“Hey James, just started coming to your website more frequently because I’m struggling to find my faith. I wanted some answers but came out with even more questions:
1. Humans want to believe in God, that there is something after we die, and that justice will triumph, such as for the people of Auschwitz (from that Francis Bridger quote you posted), but isn’t that just our selfishness talking? After all, we’re only fragile beings in this vast Universe.”
It blows me away, Kenrick, that you would decide to consider my site in order to remedy your own struggles in finding your faith, especially when there are so many other far more capable apologists than I. I also want to say that you’re not the only one struggling. Nor is such struggle only limited to belief in God or in Christian theism. You’re in good company if you’re struggling!
However, let’s consider your first question (we will consider the second in a follow up). It surely wouldn’t be selfish if it were true, Kenrick. I think that humans have such a longing because there is a God that gave them such longing (Psa. 63:1) and knowledge (Ecc. 3:11). After all, it would be silly if God existed and wanted us to get to know him through an eternal perspective but then did not give us such an ability to become aware of that perspective. In other words, one needs to explain this longing and I would urge you to take some time to consider C.S. Lewis’ argument from desire (1). My argument, however, would be that this longing for God, justice, and life after death truly makes sense from a Christian theistic perspective, and more so than any other opposing worldviews and philosophies. Please also consider my recent contrast of Christian theism to atheistic naturalism in a point-by-point framework. I believe it may give you a wider perspective on this matter.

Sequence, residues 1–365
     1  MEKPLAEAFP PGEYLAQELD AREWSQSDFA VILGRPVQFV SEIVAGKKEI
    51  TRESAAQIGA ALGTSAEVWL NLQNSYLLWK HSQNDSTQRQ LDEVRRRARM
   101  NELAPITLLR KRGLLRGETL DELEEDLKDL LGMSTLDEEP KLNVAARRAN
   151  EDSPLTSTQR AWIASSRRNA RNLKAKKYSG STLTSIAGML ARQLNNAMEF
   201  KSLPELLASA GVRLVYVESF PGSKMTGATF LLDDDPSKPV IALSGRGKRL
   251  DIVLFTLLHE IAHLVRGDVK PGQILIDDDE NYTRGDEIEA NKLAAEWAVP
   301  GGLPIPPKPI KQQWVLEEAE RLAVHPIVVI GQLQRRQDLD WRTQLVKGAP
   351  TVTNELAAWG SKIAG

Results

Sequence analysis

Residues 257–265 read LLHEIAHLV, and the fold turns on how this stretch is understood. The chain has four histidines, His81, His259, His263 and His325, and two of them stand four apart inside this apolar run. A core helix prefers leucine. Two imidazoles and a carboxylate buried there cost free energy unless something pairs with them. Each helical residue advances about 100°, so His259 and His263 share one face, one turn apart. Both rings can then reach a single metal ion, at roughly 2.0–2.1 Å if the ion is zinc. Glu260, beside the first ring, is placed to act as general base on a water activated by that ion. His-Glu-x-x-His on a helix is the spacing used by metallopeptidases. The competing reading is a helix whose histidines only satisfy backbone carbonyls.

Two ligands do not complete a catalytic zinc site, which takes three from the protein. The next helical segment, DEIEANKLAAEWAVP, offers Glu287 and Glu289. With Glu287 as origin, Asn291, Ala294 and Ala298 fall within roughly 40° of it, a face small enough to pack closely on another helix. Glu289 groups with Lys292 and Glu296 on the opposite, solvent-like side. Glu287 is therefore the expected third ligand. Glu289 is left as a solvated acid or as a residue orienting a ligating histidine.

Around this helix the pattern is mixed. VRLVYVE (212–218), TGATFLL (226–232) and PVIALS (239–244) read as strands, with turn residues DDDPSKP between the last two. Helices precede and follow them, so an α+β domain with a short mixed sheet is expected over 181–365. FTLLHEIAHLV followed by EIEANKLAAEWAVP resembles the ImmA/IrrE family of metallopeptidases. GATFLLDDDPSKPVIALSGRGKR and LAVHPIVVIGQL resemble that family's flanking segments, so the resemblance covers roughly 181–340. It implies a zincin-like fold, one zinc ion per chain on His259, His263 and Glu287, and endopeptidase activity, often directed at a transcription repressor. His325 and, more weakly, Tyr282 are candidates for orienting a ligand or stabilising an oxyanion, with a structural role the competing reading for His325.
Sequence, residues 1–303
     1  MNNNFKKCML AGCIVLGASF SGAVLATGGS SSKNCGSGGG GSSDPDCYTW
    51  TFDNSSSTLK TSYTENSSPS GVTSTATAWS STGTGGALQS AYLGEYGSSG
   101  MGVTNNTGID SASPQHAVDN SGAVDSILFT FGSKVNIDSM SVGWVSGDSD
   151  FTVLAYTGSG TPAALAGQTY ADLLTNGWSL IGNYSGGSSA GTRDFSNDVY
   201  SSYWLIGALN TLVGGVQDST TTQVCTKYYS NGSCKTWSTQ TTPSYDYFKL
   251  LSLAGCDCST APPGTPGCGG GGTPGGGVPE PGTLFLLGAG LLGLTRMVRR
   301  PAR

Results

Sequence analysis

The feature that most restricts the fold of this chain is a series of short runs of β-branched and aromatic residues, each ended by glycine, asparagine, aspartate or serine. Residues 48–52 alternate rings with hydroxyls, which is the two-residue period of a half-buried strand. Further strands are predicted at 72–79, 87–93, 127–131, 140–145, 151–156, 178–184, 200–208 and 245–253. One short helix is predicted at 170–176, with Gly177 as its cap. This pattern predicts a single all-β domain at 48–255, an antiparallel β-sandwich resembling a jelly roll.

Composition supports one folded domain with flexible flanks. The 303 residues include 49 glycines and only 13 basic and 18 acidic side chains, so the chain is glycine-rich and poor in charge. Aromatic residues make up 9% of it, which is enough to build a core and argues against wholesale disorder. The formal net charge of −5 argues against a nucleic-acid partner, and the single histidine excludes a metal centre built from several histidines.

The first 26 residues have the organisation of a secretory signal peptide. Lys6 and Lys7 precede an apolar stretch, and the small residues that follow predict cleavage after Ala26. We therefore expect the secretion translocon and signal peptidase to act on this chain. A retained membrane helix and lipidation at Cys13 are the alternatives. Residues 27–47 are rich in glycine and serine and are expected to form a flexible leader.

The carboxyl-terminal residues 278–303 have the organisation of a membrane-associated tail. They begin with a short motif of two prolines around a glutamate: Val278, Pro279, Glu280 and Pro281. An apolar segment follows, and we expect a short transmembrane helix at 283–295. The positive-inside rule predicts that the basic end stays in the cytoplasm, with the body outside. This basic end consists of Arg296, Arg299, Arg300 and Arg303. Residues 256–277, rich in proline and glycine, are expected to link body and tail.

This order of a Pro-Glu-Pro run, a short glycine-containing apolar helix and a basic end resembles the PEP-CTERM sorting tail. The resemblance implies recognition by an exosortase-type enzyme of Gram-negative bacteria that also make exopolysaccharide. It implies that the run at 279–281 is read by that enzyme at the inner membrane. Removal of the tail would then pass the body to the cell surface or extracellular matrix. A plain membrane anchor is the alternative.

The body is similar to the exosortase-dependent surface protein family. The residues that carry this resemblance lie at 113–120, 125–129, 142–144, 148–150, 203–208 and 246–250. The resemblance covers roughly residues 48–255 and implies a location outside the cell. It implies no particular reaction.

So, the real question would be, “Is it true that God exists?” And I think that we have good grounds for affirming that he does from arguments from natural theology, philosophy and Jesus’ ministry & resurrection. So, if we have good reasons for affirming God’s existence then it does not come over at all as selfish to believe in life after death, justice and so on even though we are “only fragile beings in this vast Universe.” Moreover, I’d argue that the immense vastness of space has no logical connection to meaning and purpose for human beings. Nor does human fragility factor into the question of meaning and purpose. Sure, critics of God might argue that the enormity of the universe might show that we’re nothing special, but even if we grant that premise it does not follow that we have no meaning or purpose. Independent of the size of the universe it may still be that not only does God exist but that God also imbued his human creatures with meaning and purpose. After all, if we consider that God is an infinite being then size wouldn’t matter to him. Moreover, for a really good treatment of this common argument I would highly recommend philosopher Peter Williams’ book A Sceptics Guide to Atheism. Williams does a great job at deconstructing this argument.
So I don’t think that it would necessarily follow that we’re selfish for believing in God’s existence, life after death, justice and so on. If God really exists then nothing could be more important.